D-backs' veterans make cohesion a priority
Players hope inclusive culture, camaraderie lead to more victories
SCOTTSDALE, Ariz. -- They are careful not to call it a leadership council.
And there's not even a set group.
But the veterans in the D-backs' clubhouse are determined to make sure that everyone stays on task and on the same page this year.
"It was the one thing that was really missing," pitcher Brandon McCarthy said. "We had a great group of individuals. There were no outliers, there wasn't any bad tension, it just wasn't that cohesive group that was all moving together. I think that's our focus. Not only the players but the coaching staff and the organization, we want everybody to be moving together on the same page."
For the past two seasons, the D-backs never seemed to be able to get on a sustained run of success like they had in 2011 when they won the National League West. That led to a lot of frustration and head scratching in the clubhouse as to the reasons why.
So when the players would work out at Salt River Fields or get together this offseason, a group that included, among others, McCarthy, Aaron Hill, Paul Goldschmidt, J.J. Putz and Eric Chavez would talk about what separates winning teams.
"It's just casual conversations and guys were on the same page," Goldschmidt said. "It was awesome; it's fun. It starts getting exciting when you talk about, 'What can we do to win? What can we do to play better? How can we get the best out of our team and individuals and our abilities?' It's fun to talk to guys and have everybody moving in the same direction."
Martin Prado, another leader in the clubhouse, spends his offseasons in Florida, so he kept in touch via text messages and phone calls.
Cliff Pennington was involved, as was Miguel Montero.
"It started early in the offseason, just recognizing what we did in the previous year," Hill said. "You always look back and find things you can improve on and that was one thing that we all collectively agreed upon. Not that there wasn't any leadership it was just no one was together with everything. It sounds simple, but it's just mainly a core group of guys that believe in the same thing and run with it."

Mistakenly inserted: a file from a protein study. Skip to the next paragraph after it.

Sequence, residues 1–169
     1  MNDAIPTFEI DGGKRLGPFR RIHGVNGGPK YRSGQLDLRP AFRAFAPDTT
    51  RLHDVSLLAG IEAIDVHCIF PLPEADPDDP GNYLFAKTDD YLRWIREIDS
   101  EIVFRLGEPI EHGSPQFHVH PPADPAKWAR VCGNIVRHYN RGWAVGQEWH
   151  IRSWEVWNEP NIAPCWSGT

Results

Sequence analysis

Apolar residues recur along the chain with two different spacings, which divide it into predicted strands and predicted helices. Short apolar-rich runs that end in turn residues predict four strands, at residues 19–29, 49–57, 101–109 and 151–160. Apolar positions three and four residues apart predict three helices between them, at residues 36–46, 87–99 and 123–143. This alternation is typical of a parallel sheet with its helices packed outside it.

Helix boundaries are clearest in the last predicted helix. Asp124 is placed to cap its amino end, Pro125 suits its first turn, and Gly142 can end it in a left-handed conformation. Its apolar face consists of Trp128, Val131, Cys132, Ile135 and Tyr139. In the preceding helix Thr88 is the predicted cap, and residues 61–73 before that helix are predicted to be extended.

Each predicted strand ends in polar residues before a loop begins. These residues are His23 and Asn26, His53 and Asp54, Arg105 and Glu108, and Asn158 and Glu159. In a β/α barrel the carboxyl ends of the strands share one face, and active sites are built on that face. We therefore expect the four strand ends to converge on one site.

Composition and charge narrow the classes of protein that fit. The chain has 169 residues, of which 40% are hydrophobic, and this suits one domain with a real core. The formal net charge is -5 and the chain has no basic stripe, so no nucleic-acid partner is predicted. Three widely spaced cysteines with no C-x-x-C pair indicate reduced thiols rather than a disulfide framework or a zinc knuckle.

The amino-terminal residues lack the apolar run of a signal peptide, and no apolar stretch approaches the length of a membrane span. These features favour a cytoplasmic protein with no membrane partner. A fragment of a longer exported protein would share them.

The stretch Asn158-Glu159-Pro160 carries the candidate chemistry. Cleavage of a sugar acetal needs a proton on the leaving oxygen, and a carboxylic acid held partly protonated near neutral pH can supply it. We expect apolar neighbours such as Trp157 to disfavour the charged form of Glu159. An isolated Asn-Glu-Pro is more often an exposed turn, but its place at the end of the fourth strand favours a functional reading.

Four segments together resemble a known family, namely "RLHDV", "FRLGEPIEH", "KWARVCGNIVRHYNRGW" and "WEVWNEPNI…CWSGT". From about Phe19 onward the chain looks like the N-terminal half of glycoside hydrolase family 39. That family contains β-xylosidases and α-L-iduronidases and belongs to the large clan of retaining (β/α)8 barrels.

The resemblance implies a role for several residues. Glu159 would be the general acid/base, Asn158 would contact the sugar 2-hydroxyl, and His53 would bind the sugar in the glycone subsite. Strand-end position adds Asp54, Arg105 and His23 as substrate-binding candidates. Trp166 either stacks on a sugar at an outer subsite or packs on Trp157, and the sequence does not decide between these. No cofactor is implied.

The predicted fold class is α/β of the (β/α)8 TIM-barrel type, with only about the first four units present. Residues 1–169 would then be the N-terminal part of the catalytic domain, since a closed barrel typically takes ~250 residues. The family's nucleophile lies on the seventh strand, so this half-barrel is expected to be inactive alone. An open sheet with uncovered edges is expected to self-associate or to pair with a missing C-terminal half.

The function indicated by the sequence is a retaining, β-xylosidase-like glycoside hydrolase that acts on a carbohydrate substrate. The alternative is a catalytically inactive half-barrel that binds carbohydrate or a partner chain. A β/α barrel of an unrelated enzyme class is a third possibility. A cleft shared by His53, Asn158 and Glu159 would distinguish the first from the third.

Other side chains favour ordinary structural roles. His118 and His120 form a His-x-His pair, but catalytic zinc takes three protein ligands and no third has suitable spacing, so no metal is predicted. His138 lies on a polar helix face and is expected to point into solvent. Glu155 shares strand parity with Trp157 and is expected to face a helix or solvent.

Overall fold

McCarthy cited last year's Red Sox as a team that seemed to all be on the same page and he believes that helped them win the World Series.
In this day and age, when so much is quantifiable, chemistry remains one of those concepts that people struggle to define and explain.
"It all sounds like cliche nonsense speak, but it's something that when you're on good teams can definitely be the case," McCarthy said. "I think a lot of people here are craving that and want to go back to that, and guys who haven't been a part of that before want a chance at that. We're noticing that more and more that guys want to go find that this year."
Over the course of a long season, players will naturally begin to hang out with those they are comfortable with or are friends with. The idea this year will be to expand that so players are not just going out to eat with the same people, but rather including more of the group.
"I think, on any successful team, you always hear that guys had good team camaraderie or team chemistry, however you want to put it," Goldschmidt said. "Guys had a lot of ideas about what they want and how the team wants to play and how we want to go about our business."
When asked about forging the new direction, players went out of their way to say that everyone was part of it.
"It's not even a set group," McCarthy said. "It's setting a tone for everybody to take accountability and help the guy behind you and help bring everybody along."
Chavez said the discussions started around the batting cage at Salt River Fields as guys worked out during the winter.
"It's not that things were bad," Chavez said. "We were in the cage hitting and talking about how we want to be around the cage more, hitters talking about hitters. And when you're out there with the infielders, talk about fielding. Pitchers, talk about how you're going to attack hitters. Talk baseball.
"The one thing I told them, in the two years I was in New York there were like 10 guys at the batting cage at one time. Just talking about hitting and what the guy is going to do tonight. I didn't see a whole lot of that last year. You can learn a lot. Just go watch Goldy hit for 10 minutes. Watch him hit, see his routine and maybe you pick something up. Make yourself a little better."
Steve Gilbert is a reporter for MLB.com. Read his blog, Inside the D-backs, and follow him on Twitter @SteveGilbertMLB. This story was not subject to the approval of Major League Baseball or its clubs.